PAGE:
Graphical Chord and Scale Calculator,

by Michael Horvath



Use alternate polygon type.
Mark each step using arrows.



This is a musical chord and scale calculator. It allows you to select an interval, chord or scale and find the chord(s) or scale(s) possessing coincident notes or intervals. For instance, the Major seventh chord (maj7 or M7) is based on the Major triad, with an additional Major seventh interval added on to it. Therefore, it will be displayed when finding the matching or fitting objects for the Major triad. Further, the interval between the second and third steps of this chord is a minor third; therefore, the minor third interval will be displayed as well.


  1. Set the key in form #1. This rotates the entire diagram so that the selected note is at the top of the circle. (Note that the term "key", as it is used in this document, is not related to the key signature.)
  2. Set a root note in form #2. Each chord or scale has a root note. Set this in the second form field. You can set the root note to match the setting for key by clicking on the "Match key" button.
  3. Select a chord or scale in form #3.
  4. Find matching items. This command will display a list of chords or scales in form #4 that are calculated to be contained within or outside of the selected chord or scale. You can confirm this by checking whether the polygon for a chord is contained within the polygon of the fitting scale, for instance.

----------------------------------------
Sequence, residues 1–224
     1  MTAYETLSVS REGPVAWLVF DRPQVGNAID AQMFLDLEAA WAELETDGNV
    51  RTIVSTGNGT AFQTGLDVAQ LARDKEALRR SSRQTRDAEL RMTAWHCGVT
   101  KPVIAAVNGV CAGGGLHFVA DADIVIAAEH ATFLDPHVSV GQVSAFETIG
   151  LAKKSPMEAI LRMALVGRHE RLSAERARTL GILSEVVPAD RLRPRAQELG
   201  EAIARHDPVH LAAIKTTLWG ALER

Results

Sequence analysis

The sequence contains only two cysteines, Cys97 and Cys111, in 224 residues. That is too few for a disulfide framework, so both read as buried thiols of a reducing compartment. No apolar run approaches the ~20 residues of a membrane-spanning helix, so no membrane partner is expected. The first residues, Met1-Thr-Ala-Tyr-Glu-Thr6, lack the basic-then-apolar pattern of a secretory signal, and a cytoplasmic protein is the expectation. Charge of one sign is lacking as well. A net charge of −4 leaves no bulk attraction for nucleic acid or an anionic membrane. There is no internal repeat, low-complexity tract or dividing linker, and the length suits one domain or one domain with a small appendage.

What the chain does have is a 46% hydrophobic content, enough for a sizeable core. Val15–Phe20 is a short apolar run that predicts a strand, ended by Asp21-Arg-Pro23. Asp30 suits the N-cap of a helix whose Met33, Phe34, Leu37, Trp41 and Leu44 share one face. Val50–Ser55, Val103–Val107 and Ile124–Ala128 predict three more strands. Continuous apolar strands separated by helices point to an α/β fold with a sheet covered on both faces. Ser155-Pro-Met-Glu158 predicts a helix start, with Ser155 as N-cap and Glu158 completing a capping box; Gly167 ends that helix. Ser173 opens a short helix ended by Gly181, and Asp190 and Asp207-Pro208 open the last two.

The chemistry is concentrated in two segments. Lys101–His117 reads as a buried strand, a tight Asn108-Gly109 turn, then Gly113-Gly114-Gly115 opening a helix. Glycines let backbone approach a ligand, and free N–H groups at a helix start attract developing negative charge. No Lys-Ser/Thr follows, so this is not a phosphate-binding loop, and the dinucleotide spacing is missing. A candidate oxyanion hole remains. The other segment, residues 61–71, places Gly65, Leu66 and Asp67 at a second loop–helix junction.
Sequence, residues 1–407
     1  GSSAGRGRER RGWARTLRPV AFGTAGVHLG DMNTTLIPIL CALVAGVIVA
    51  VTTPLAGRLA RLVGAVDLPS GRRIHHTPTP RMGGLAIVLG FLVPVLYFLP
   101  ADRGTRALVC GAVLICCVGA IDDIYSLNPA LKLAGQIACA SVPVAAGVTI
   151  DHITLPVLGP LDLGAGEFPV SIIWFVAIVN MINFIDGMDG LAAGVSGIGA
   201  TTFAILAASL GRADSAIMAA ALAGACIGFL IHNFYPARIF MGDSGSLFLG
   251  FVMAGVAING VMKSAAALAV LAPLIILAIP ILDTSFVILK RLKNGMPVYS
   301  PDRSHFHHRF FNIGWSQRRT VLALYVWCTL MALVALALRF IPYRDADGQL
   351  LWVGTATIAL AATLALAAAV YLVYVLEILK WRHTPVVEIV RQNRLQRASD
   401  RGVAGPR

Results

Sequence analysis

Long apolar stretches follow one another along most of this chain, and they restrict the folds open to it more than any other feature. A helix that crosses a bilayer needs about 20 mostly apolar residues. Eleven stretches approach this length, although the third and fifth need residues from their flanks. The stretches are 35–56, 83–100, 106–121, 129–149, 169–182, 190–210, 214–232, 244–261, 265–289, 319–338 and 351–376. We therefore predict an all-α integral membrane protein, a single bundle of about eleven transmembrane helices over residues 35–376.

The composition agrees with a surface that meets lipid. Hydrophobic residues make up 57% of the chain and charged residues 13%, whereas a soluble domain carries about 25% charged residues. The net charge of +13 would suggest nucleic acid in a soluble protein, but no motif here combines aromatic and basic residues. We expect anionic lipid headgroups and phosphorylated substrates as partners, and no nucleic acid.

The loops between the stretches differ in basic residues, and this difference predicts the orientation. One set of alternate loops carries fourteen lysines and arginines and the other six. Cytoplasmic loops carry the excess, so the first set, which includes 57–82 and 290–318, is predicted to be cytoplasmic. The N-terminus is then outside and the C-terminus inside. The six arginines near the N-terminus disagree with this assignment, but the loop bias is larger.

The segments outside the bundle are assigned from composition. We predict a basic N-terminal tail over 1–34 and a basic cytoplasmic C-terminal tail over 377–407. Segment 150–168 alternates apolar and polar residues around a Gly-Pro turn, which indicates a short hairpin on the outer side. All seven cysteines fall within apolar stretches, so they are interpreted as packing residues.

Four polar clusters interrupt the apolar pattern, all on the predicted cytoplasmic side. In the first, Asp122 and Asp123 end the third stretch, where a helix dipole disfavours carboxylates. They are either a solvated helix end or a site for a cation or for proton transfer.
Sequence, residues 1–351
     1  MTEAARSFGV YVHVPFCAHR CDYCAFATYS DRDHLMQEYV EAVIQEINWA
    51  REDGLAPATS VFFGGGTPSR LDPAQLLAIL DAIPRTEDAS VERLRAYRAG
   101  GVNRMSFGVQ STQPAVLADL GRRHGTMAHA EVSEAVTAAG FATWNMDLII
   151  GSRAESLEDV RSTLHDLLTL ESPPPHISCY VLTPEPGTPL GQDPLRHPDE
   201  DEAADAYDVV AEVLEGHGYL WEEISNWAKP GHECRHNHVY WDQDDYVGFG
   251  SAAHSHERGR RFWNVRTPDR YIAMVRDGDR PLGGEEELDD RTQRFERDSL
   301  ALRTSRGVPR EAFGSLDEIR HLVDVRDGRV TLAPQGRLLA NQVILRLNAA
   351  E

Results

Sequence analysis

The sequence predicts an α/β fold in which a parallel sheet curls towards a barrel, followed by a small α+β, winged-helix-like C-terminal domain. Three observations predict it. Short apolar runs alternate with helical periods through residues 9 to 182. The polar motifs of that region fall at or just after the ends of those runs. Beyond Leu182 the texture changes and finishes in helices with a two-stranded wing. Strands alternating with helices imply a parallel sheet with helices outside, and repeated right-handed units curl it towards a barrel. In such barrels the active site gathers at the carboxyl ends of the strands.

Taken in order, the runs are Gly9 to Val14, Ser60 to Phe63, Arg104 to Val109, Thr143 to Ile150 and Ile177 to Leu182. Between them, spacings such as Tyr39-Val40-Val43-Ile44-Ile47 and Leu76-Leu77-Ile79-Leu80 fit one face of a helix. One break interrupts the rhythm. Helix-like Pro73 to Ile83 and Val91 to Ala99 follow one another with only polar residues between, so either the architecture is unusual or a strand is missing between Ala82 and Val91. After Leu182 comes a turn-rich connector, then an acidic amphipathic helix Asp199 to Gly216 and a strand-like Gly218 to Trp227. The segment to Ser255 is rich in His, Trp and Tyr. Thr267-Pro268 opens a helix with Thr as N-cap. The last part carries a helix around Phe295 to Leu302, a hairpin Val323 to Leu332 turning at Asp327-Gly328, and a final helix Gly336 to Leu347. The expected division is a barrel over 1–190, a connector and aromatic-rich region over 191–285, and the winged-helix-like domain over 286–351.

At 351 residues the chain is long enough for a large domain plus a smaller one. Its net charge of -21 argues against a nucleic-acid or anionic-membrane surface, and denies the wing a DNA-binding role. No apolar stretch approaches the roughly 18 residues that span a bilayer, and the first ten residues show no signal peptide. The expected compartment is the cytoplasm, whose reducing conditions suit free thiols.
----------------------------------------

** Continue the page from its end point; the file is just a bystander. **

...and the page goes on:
5. Hide or show objects. You can make an interval, chord or scale visible/invisible in the diagram by clicking on the "Display/reset selected object" and "Clear selected object" buttons.
  6. You can also move each object around the circle using the mouse by dragging the point in the diagram that is labeled the same as the object.

Issues & further considerations:

  1. Dragging the objects around the circle does not update the form fields. (I'm still considering whether it in fact should do so.)
  2. A convex polygon may not be the best representation for a chord or scale when the interval between steps is greater than six semitones.
  3. Related to #2 is the issue of how best to represent steps that lie in another octave. I've considered adjusting the labeling of each step in order to reflect this, as well as changing the lightness or darkness of an object depending on its pitch or octave. However, I'm not sure this is achievable in GeoGebra.
    Update: Recent versions of GeoGebra allow one to adjust the coloring of objects dynamically based on mathematical formulas. As a result, the latter option may now in fact be feasible.
  4. "Minor" and "major" chords and scales are typically capitalized with a lower-case or capital "M" depending on whether the component chords and intervals are minor or major, respectively. I've chosen to disregard this naming scheme at the present time as I am not sure it is really worth implementing.

Download an older Geometer's Sketchpad version of this worksheet here.

Creative Commons License LGPLv3 License
Content is licensed under a Creative Commons Attribution-Share Alike 4.0 Unported License. Software is licensed under a GNU Lesser General Public License version 3.